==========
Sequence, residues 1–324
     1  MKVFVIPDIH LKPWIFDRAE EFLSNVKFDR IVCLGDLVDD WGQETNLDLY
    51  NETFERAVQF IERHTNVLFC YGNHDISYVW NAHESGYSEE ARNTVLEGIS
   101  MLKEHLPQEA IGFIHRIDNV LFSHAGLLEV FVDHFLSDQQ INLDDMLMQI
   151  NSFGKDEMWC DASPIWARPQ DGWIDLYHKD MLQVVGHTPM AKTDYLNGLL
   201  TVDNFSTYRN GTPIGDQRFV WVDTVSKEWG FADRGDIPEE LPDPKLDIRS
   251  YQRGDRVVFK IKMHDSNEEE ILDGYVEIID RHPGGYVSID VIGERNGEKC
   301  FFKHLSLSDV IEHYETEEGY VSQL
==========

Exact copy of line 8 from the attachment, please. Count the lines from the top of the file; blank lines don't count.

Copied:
   301  FFKHLSLSDV IEHYETEEGY VSQL